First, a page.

9. One reason why I made there be NO adjacency bonuses at all in the main system (stuff goes out along your frontier at random, IIRC, or very close to random beyond the direct adjacent planets) is that I didn't want "where my scouting is happening" to be yet one more thing that is tied to the location of the planets you capture.  It's already really hard to choose a planet to capture, based on if you can defend it, what it will cost to defend it, what you capture, what it might put you on the path to capturing, and so on.  Adding in "things I can just basic style SEE" on top of that was too much, in my opinion.  Analysis paralysis would set in hard.  "Do I capture this worse fleet over here and get to see a ton more, or take this amazing fleet over here but not get to see much?"  You'd really be trading in AIP for scouting in some cases, as in adding extra AIP for certain scouting tasks, which felt unfair to me.

So yeah, that's the explanation of why it is the way it  is.  But as noted, I'm open to other modes.
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Offline Strategic Sage

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Re: Scouting Suggestions
« Reply #2 on: October 21, 2019, 11:22:10 PM »
Thank you for the absurdly detailed explanation which you absolutely should not have taken the time to write IMO on the day before launch :).  Having been a community manager on much smaller games myself in the past, I know you had more important things to do today.   I also agree that this issue isn't and shouldn't be near the top of the list of things to work on right now.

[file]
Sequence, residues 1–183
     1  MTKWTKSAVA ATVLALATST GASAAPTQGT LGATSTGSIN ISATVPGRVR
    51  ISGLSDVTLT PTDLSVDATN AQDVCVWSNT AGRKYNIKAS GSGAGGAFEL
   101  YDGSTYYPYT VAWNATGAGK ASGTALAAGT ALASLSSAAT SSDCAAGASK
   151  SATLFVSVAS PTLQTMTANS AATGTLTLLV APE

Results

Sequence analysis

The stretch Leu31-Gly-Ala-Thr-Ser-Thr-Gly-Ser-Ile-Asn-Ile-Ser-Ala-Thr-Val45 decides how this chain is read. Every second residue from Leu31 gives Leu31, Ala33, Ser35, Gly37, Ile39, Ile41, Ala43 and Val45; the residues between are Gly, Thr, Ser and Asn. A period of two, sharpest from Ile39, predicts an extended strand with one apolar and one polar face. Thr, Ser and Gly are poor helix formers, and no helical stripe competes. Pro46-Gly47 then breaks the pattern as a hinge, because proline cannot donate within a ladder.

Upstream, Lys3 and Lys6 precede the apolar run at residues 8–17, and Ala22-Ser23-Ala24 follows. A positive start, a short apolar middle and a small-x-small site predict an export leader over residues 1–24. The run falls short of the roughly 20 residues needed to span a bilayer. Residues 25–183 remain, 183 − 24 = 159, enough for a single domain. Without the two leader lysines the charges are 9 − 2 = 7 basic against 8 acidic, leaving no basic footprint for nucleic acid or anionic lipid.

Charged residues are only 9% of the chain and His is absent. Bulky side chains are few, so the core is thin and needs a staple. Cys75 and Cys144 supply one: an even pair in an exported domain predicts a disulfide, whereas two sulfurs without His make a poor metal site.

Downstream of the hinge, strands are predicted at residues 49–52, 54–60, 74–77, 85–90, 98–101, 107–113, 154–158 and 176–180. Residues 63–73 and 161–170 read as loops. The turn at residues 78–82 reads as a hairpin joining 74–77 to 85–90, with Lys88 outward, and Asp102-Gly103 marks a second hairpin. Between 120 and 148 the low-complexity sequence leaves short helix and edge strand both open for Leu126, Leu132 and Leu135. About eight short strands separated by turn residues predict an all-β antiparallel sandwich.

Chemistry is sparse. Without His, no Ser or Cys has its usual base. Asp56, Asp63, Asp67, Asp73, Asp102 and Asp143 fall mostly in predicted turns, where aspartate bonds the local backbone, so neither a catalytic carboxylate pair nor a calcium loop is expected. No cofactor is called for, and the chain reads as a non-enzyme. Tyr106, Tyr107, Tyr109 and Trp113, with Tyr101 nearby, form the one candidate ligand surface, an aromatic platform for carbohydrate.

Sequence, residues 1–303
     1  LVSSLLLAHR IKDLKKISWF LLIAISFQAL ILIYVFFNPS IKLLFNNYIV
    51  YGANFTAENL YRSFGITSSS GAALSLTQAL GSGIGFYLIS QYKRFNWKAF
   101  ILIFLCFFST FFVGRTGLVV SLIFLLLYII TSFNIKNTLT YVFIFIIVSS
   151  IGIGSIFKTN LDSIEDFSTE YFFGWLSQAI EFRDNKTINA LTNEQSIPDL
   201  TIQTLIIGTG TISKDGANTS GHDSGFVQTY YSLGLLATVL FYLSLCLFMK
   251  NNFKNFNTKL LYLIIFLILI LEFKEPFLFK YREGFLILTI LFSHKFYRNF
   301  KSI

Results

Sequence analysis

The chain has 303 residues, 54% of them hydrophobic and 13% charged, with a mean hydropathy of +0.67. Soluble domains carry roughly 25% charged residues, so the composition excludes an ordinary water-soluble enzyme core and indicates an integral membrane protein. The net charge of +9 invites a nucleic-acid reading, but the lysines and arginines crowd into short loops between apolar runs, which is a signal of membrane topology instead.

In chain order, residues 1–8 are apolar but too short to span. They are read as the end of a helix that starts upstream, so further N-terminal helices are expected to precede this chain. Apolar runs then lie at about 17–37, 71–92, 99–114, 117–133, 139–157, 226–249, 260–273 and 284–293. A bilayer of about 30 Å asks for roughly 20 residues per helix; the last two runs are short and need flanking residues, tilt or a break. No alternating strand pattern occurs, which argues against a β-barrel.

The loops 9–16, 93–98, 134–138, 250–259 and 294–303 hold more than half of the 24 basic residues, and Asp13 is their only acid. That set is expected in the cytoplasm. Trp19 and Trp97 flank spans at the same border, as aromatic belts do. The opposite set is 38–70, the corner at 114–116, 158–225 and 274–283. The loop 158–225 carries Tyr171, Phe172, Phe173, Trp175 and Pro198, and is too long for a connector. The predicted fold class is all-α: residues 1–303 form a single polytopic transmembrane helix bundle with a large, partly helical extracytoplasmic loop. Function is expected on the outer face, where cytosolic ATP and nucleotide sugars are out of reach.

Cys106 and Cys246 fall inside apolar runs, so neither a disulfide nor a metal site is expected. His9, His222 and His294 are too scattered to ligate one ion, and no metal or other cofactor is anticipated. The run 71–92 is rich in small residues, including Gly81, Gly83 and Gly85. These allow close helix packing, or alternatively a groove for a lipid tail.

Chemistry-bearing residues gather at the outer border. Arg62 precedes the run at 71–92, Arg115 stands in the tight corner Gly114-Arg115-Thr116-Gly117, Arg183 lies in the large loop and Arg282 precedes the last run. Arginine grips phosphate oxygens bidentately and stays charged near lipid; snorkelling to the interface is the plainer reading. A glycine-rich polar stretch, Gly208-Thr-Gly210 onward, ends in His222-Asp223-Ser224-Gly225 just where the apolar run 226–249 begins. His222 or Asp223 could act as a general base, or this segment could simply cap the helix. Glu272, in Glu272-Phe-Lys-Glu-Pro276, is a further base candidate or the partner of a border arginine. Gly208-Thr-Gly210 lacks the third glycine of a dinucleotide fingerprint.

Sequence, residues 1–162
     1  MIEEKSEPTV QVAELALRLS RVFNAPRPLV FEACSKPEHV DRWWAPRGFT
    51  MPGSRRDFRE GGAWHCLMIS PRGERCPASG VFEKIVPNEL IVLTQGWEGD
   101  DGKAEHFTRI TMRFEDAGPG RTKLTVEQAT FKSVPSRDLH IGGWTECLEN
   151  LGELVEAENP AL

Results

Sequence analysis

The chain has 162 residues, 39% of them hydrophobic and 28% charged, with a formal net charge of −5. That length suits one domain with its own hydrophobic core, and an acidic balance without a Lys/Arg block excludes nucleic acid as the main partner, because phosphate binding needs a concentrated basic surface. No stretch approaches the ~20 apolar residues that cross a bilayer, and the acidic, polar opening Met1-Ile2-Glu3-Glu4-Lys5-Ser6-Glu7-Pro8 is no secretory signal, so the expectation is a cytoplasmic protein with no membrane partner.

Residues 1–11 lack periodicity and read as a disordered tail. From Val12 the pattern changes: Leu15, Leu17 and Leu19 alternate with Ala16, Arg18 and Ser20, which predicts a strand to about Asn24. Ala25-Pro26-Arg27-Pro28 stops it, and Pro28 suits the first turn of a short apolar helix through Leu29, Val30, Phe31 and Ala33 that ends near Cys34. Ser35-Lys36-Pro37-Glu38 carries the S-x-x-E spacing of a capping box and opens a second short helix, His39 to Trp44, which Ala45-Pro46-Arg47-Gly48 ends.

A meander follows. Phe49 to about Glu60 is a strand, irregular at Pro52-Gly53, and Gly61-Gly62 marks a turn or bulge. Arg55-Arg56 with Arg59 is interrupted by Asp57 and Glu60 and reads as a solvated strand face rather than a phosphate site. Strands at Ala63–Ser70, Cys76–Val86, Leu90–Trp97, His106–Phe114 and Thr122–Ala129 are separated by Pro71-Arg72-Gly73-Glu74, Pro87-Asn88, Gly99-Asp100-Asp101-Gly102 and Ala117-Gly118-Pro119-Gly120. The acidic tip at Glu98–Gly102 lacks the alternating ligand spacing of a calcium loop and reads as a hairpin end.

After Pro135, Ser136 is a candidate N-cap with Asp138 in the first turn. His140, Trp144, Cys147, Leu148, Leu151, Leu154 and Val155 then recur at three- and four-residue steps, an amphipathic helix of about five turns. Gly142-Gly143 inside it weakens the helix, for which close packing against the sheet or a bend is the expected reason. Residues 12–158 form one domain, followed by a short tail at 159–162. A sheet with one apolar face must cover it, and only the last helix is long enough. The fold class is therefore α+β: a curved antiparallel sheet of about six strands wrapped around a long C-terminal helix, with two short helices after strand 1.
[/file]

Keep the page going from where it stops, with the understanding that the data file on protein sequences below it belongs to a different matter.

Further, I'm in total agreement with you that manual scouting is bad.  I'm the type who, on AI War 1, would immediately unlock Mk II Scouts, unlock Mk IIIs at some point in the first hour most of the time, and considered it a primary late early-game goal to get an Advanced Factory so I get the Mk IV Scout.  Only I didn't call it that.  I called it the Ultimate Infoweapon, and would immediately scout the rest of the galaxy so I didn't go capture something I'd regret taking later.  Often I wouldn't use the Factory for any other purpose.  Knowledge is Power was my mantra, and it was definitely one of the grindy elements that the sequel is better off without. 

On the hardcore scouting mode - I've seen it, I just think it's a little TOO hardcore though you can be sure I'll try it out eventually.  The words 'too hardcore' rarely escape my lips or keyboard but this is one of the games that prompts them to do so.   >D If the radius was even 2 instead of one, I'd probably be playing that way 90% of the time instead of vice-versa.  I also agree with most of what you said about the mechanics - planet capture is better than most other alternative ways. 

On the last point (#9) I just happen to see that in the opposite direction.   It strikes me as a beneficial thing if it adds to whether or not you should capture a planet.  If there's nothing else worth capturing ... that's what your hacking budget is for.  You can see a few systems that way until you find something worth capturing in that direction, so you don't at all have to necessarily trade AIP for scouting.  If scouting-by-hack wasn't an option then I can see the issue with that tradeoff, but with it in place it doesn't seem to be an issue.   Still the tradeoff with hacking but that one's already there as is, esp. for low-AIP strategists.